Friday, February 15, 2008

The Golden Compass Debates

If you've been following movie news, you have probably heard that The Golden Compass is opening this weekend. I'm usually not up on movies because we never get an opportunity to go see them, but this one has received a good deal of press. The movie is based on the first of a trilogy of young adult fantasy novels written by Philip Pullman. The brouhaha surrounding it stems from the author's supposed agenda of deriding Christianity. Several conservative religious groups, including The Catholic League, have urged their members to boycott the movie.

What really bothers me about this particular situation is that the Catholic League has called for this boycott not based on the content of the movie, but because they are afraid that children who see the movie will then want to read the books and therefore be exposed to anti-Christian sentiment.

I have a real problem with this. I think it is irresponsible for anyone, let alone an authoritative organization, to discourage reading. According to a new study released by the National Endowment for the Arts, less than 1/3 of American 13 year olds are daily readers. That is a sad and scary statistic. As a teacher, I know how difficult it can be to get kids to read, particularly the age group for which this book is written and particularly boys, who often like this type of fantasy. I think we need to do all we can to encourage kids to read, even if we don't necessarily love what they're reading, within reason of course.

Several years ago, I taught a young man who just really did not enjoy reading books. He did, however, like to read car magazines. One of my standing assignments for my reading classes was an outside reading project. They were to read at least one book of their choosing each six weeks and complete an assigned project on that book. Now this young man was just not going to read a book, so I met him halfway and allowed him to read a selection of car magazines and prepare a report which advised me on what car I should purchase (my husband and I were planning on buying a new car that spring). The student came back to me with a very detailed and well-researched report that was actually useful in my decision. Now of course I would have preferred he read a book, but all that really mattered to me was that he was reading something. I could use with that and gradually work him in to books he might really like. My point is that a lot of kids don't like to read and we do a disservice to them when we don't allow them access to materials they might really like and which might spur them to read more.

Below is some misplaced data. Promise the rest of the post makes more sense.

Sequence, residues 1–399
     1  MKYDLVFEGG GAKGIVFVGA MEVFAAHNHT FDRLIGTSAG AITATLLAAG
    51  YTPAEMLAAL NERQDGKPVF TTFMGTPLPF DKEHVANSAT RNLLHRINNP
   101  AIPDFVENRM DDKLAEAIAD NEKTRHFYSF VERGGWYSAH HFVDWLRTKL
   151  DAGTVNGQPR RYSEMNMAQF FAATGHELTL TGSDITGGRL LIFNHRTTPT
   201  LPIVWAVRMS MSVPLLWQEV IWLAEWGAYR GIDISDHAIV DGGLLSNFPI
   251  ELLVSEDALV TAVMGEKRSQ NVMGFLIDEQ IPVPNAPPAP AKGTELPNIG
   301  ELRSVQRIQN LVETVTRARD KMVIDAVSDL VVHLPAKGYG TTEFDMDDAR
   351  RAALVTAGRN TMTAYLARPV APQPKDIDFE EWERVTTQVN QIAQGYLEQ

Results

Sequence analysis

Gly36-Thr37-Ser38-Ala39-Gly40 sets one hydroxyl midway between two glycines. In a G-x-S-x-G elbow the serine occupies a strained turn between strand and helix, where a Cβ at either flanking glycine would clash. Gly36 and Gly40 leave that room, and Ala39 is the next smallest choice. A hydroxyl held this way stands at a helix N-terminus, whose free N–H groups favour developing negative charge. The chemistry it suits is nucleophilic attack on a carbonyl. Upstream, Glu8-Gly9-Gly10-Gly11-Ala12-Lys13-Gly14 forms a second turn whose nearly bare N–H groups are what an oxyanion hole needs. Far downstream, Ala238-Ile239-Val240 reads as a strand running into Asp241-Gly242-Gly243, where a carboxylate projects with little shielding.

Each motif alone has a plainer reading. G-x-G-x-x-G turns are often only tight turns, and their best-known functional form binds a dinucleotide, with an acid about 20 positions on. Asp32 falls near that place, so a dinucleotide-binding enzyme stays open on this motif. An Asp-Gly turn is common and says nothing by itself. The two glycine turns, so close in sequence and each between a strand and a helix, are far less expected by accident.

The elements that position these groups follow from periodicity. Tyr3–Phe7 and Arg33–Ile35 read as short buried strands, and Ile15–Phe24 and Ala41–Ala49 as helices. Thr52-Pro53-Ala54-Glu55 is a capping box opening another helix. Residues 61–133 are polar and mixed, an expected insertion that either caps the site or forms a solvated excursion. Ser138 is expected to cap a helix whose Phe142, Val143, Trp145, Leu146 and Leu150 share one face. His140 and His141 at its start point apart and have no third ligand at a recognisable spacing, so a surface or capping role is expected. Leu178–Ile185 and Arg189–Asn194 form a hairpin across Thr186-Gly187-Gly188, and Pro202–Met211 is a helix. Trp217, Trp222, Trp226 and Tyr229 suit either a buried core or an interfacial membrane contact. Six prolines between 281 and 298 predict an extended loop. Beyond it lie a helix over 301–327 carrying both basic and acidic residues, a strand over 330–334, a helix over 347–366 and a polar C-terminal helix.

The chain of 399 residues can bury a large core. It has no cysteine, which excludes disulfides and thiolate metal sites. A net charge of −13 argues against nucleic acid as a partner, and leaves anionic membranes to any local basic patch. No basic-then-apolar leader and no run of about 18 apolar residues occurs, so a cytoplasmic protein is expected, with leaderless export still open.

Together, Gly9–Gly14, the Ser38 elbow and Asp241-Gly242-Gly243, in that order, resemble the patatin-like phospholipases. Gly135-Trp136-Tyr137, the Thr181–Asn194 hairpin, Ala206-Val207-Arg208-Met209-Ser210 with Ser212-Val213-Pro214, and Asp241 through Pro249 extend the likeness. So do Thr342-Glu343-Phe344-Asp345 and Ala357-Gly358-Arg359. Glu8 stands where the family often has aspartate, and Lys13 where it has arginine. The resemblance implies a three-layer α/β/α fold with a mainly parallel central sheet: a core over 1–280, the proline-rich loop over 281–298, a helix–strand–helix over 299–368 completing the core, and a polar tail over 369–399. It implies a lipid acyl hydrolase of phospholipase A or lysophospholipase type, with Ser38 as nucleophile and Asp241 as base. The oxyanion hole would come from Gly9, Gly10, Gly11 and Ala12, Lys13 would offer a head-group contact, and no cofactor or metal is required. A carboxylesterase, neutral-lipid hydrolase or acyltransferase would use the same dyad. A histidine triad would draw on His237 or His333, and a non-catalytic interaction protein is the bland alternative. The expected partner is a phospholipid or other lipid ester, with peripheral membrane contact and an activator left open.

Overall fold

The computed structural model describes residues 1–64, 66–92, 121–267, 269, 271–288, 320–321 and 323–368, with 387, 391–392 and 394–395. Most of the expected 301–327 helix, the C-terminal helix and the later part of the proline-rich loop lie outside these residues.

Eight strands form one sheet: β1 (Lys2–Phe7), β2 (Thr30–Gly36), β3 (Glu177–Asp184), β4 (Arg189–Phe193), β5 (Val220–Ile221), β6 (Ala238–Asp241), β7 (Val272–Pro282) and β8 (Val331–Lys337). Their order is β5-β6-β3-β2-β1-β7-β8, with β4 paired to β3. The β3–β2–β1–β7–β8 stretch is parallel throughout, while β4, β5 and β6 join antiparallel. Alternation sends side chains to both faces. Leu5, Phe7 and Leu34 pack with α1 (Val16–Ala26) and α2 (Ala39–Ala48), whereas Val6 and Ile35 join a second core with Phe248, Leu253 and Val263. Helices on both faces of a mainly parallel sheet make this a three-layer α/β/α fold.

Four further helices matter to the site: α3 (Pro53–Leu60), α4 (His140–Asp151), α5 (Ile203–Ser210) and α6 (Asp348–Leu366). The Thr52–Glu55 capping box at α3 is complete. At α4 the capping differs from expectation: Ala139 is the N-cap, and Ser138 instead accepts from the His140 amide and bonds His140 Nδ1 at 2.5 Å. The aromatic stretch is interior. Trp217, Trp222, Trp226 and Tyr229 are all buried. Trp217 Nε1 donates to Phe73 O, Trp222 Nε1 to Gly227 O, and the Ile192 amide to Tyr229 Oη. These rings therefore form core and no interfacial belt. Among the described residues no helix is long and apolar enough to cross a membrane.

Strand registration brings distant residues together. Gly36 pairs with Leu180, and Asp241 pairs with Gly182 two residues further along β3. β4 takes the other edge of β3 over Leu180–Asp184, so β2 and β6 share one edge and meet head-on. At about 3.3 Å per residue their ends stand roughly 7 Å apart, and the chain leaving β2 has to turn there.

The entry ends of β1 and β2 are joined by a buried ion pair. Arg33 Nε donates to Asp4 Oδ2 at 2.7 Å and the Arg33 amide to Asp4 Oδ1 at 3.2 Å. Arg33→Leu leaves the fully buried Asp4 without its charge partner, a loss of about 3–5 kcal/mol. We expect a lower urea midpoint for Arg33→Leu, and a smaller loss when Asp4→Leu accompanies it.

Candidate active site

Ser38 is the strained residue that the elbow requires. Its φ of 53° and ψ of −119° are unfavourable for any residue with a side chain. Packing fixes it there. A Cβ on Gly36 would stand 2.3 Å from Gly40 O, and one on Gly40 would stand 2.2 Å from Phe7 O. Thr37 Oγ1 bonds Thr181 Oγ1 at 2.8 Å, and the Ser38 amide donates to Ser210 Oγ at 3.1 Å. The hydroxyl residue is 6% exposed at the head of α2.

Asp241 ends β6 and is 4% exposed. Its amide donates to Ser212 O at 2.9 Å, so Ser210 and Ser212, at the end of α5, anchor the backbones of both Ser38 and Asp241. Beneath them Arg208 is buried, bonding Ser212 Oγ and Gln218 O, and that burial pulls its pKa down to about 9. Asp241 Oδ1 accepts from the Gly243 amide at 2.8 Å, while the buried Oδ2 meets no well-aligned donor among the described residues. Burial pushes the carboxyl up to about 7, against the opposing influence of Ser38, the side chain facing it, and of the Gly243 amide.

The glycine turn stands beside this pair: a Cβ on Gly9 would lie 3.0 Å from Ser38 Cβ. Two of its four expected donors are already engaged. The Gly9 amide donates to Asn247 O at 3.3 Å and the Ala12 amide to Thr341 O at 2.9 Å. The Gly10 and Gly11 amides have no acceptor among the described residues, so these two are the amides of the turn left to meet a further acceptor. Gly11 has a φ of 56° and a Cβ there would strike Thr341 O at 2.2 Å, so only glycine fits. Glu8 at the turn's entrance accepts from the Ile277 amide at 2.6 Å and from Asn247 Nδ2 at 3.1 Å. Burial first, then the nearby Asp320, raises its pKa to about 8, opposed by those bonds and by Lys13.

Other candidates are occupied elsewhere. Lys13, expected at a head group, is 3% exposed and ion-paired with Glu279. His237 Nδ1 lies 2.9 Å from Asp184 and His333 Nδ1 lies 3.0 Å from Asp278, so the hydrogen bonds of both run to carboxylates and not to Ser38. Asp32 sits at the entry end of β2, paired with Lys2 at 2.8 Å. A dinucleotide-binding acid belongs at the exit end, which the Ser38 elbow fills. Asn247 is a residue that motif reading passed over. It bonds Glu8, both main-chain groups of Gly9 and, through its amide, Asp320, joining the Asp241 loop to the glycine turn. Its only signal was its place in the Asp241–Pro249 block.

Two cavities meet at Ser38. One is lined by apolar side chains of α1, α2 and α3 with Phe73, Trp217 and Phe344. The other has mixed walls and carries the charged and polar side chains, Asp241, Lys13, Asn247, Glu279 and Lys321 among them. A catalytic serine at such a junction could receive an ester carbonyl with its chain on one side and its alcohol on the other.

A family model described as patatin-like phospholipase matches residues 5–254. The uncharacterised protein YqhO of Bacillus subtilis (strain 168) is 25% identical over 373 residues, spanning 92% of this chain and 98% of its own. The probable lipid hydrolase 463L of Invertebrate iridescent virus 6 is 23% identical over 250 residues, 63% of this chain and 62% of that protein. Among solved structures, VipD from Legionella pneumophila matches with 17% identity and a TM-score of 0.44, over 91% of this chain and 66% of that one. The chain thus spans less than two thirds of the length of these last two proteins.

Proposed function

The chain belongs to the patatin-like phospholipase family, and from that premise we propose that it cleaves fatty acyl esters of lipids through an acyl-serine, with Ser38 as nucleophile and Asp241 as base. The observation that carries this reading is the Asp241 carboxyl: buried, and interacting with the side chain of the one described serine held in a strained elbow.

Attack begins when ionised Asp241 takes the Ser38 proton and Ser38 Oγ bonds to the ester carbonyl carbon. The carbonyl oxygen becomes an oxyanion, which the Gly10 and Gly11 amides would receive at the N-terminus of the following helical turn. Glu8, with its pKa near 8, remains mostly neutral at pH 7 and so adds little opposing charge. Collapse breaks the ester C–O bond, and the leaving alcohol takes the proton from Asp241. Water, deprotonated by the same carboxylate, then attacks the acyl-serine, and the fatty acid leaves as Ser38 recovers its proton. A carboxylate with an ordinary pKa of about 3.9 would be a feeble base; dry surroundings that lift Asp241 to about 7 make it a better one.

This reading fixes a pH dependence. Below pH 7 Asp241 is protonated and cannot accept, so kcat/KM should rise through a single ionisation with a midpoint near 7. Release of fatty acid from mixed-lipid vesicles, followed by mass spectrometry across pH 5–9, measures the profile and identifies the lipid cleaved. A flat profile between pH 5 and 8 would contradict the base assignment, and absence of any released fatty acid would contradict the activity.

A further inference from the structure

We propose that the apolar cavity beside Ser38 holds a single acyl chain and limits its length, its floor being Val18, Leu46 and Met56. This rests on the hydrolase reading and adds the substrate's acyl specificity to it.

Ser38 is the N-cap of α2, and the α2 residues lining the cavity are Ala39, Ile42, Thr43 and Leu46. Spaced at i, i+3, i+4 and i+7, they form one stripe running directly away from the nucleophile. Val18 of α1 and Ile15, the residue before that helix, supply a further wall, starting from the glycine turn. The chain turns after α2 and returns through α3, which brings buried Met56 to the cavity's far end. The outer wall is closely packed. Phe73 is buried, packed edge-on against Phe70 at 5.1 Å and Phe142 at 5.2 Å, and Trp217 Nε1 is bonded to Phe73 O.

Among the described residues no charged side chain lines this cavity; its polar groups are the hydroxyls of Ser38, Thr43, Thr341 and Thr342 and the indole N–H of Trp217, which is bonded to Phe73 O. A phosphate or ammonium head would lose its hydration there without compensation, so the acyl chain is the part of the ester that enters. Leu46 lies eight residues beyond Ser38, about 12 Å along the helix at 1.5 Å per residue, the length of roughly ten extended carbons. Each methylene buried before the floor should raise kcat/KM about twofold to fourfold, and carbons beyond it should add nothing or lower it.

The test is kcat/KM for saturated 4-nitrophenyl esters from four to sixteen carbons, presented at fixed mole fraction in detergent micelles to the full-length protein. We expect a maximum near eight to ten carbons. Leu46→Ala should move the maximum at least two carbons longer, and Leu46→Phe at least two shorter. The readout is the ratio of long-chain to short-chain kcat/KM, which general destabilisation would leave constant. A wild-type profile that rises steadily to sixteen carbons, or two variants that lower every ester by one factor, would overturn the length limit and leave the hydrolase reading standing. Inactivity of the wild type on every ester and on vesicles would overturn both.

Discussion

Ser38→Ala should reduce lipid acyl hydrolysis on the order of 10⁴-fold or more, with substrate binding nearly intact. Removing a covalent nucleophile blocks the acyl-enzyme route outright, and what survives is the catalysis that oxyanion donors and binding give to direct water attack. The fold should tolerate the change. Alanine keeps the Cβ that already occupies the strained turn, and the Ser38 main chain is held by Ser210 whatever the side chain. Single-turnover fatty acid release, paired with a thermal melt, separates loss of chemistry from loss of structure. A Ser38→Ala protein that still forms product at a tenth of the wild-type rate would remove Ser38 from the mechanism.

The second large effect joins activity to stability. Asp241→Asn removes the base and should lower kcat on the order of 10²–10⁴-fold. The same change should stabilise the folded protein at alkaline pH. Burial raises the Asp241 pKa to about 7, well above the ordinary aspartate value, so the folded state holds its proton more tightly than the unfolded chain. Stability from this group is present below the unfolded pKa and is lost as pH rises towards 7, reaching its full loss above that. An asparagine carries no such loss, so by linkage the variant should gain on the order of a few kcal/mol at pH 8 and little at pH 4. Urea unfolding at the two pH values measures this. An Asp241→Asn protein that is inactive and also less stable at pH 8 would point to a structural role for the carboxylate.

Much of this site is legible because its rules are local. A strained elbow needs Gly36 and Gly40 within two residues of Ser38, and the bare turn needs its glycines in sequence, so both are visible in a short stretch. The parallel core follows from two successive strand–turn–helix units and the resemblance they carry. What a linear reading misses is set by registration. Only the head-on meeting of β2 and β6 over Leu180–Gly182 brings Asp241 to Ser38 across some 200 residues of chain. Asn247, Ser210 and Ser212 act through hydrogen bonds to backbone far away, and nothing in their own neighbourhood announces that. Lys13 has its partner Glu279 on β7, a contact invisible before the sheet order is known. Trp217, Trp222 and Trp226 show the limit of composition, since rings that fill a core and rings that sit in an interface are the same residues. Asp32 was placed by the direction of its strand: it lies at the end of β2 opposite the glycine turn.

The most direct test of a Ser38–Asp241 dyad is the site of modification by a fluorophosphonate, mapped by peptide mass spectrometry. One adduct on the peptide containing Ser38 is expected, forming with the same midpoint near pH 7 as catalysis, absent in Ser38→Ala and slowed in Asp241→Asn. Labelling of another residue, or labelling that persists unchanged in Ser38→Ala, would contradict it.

I also think perhaps people are giving 13 year olds a little too much credit. I have read The Golden Compass and I guess I wasn't paying much attention, but I never picked up on the supposed anti-Christian message. Having now read articles on the controversy, I have learned that the overall theme of the books is metaphorical and characters and events are symbolic of religious institutions. If you can find a 13 year old that reads this book and understands all that, I'll give you a million bucks.

More important of course is the concern that we should all have when institutions try to limit knowledge. That should be a bright red flag for anyone. People, including children, need to be exposed to things they may not agree with. Exposure to new beliefs broadens our world-view and helps us understand and respect that people are all different. Our world is no longer limited to our homogeneous suburban neighborhood. Children need to grow up with a deeply ingrained tolerance for all types of people and all types of beliefs because they will have to interact with these people on a daily basis.

This tolerance is especially important concerning religious beliefs. It scares me when religious groups seek to limit exposure to conflicting views. The most violent and tragic conflicts in the world right now are over religious differences and intolerance. The Christian groups advocating this ban are only a step away from the fundamentalist Islamic groups which ban Bibles or Christian education in their territories. I am sure the Christian groups would disagree with this, but I fail to see much difference.

Children also need exposure to different views because it helps them examine and understand their own views. Questioning this is not bad; it leads to a deeper and more thorough knowledge of yourself. This movie and the book offer the perfect teachable moment for Christian parents to explore with their child their specific beliefs and the reasons behind them. If parents would read and the discuss the books with their child, they could help the child become more secure in his faith. I wish the Catholic League had suggested this instead of an all out boycott.

Finally, I think that Hollywood is irresponsible and greedy when it chooses to market movies like this one to children. I have not seen this movie yet, but the novels are aimed at young adults, meaning teens 13-18. The story line will be above most young children and some of the characters may be very frightening to them.

We've seen a lot of "children's" movies lately that include foul language, adult humour and violence. Shrek is a perfect example of this. In an effort to make as much money as they can, the producers try to appeal to both adults and children. The animation and children's storyline gets families in the theater, and the adult humour and language entertains the parents. The producers can then cash in on all the tie-in products lining the shelves of the nearest toy store.
Parents must be super-vigilent today. PG and G ratings no longer mean movies are automatically safe.

You can read another blogger's opinions and reader commentary here Get In The Car!: The Golden Compass Debates: This Christian Woman Can't Wait to Go .

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